• Conditional Probability Table (CPT) - For a node, CPT defines the conditional probability of the node given the state of its parents. We can represent $L$ words bigram model in terms of BN as follows:

CPTs of this model are: $P(w_1 = w)$ and $P(w_l = w | w_{l-1} = w^{'}) \forall l \in {2, 3, ....., L}$ where $w$ and $w^{'}$ could assume any value from vocabulary V. These CPTs are the parameters we have to tune in the next step.

Parameter Tuning

This step is also called the Learning step as we will learn the parameters (CPTs) of the model we introduced in the previous step. To facilitate this, we would collect historical data (or training data) consisting of raw text, which we assume is the natural representation of language’s constructs. This can be done by scraping multiple text-rich websites. Our goal in this step is to learn the parameters that best explain the training data. This is achieved by maximizing the likelihood of occurrence of words in the training data. Mathematically, this means we have to maximize $P(w_1, w_2, …., w_{L})$ where $L$ is the total number of words in the training data.

Now, the goal of maximizing $P(w_1, w_2, …., w_{L})$ is the same as maximizing $log(P(w_1, w_2, …., w_{L}))$. The latter function is called the log-likelihood and will greatly simplify the calculations later on. Thus, we have to maximize:

${\cal L} = log(P(w_1, w_2, ...., w_L))$

The relation between the likelihood of the model and the CPTs can easily be found using the product rule as follows:

$P(w_1, w_2, ...., w_L) = \prod_{l=1}^{L} P(w_l | pa(w_l))$

where $pa(w_l)$ are the parents of $w_l$ in BN.

$\implies {\cal L} = log \left[ \prod_{l=1}^{L} P(w_l | pa(w_l)) \right]$
$\implies {\cal L} = \sum_{l=1}^{L} log \left[ P(w_l | pa(w_l)) \right]$

Let $x$ represent all the values $w_l$ can take, $\pi$ represent all the values $pa(w_l)$ can take and $C_{x\pi}$ represent number of times $w_l$ assumes value $x$ and $pa(w_l)$ assume value $\pi$ together. Then, the likelihood can be written as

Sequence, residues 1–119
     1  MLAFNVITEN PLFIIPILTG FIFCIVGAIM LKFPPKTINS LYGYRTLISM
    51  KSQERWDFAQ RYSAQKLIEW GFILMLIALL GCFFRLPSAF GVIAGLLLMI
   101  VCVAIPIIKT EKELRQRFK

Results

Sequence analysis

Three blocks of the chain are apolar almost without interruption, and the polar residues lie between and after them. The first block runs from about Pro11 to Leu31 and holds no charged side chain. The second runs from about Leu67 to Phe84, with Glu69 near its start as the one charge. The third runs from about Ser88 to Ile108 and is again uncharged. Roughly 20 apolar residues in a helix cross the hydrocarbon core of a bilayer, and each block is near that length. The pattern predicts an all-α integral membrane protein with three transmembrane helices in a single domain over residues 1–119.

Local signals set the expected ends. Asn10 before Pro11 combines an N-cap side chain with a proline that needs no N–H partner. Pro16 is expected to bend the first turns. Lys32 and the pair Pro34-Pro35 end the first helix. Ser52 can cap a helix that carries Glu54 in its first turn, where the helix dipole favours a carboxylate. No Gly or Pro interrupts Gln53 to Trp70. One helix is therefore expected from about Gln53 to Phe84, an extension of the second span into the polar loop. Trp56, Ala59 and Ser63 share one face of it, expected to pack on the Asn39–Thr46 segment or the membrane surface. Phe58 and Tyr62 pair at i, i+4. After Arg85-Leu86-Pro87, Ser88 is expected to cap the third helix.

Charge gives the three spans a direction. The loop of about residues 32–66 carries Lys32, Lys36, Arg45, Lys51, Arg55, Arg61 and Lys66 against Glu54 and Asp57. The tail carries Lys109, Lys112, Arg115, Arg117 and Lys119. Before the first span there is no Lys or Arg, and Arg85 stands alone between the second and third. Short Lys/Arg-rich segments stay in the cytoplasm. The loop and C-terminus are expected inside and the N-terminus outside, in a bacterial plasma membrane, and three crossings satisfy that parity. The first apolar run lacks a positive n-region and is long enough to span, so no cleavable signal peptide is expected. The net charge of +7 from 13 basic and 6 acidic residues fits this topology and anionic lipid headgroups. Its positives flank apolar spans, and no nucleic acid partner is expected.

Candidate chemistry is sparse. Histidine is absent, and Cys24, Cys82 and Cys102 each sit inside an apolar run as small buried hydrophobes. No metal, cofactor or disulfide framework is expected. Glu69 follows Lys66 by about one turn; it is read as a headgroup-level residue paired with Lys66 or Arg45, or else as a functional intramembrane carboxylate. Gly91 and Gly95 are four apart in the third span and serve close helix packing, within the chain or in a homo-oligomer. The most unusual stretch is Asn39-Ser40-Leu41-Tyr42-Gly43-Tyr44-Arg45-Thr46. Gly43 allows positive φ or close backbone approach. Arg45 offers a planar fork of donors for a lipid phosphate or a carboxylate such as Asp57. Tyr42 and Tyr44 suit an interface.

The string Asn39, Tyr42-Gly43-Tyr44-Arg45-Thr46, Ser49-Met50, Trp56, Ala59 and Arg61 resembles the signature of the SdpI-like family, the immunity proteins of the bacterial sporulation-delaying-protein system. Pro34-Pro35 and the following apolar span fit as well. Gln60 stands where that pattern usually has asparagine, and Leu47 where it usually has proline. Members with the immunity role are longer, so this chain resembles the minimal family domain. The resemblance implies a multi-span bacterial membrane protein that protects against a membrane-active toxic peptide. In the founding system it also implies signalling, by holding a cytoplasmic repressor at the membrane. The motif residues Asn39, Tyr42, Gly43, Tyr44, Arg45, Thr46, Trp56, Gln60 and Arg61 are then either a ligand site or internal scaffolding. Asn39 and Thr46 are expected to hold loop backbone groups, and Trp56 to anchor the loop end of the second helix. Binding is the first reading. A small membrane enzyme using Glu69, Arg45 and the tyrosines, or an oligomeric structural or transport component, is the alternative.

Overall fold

${\cal L} = \sum_{x} \sum_{\pi} C_{x\pi} log \left[ P(w_l= x\,|\,pa(w_l)={\pi}) \right]$
or
${\cal L} = \sum_{\pi} {\cal L_{\pi}}$ where ${\cal L_{\pi}} = \sum_{x} C_{x\pi} log \left[ P(w_l = x | pa(w_l) = {\pi}) \right]$

Writing log-likelihood in this form would allow CPTs to be optimized independently for each parent configuration $\pi$. Since, $P(w_l=x | pa(w_i)={\pi})$ is a probability distribution for a given $\pi$, it must sum to 1. To take this constraint into consideration while maximizing the log-likelihood, we will make use of a Lagrange multiplier. Hence, the function to optimize becomes

${\cal L_{\pi}} + \lambda (\sum_{x} P(w_i = x | pa(w_i) = {\pi}) -1)$

where $\lambda$ is the Lagrange multiplier. We can find optimum for each word (and for each parent configuration $\pi$) by setting the first partial derivative with respect to each word to zero.

$\implies \frac{\partial}{\partial x} {\cal L_{\pi}} + \lambda (\sum_{x} P(w_i = x | pa(w_i) = {\pi}) -1)) = 0$

Solving the above equation for our bigram model, we would get the following results:

$P_{ML}(w_i = x |\, w_{i-1}= {\pi}) = \frac{C_{x\pi}}{C_{\pi}} \qquad \forall i \in {2, ..., L}$
and $P_{ML}(w_1 = x) = \frac{C_{x}}{L}$

These values of CPTs maximize the likelihood of training data and hence are called the Maximum Likelihood (ML) estimates.

Making Predictions

Our final step is to make predictions using the parameters we learned in the previous step. Suppose, we have already written $l$ words and have to predict the $(l+1)^{th}$ word. The idea is to retrieve all the words that followed the $l^{th}$ word in the training data and select the one having maximum likelihood of occurrence. Mathematically, $(l+1)^{th}$ can be obtained as follows:

$w_{l+1} = argmax_{x} P(w_{l+1} = x |\, w_{l} = \pi)$
$\implies w_{l+1} = argmax_{x} \left[ \frac{C_{x\pi}}{C_{\pi}}\right]$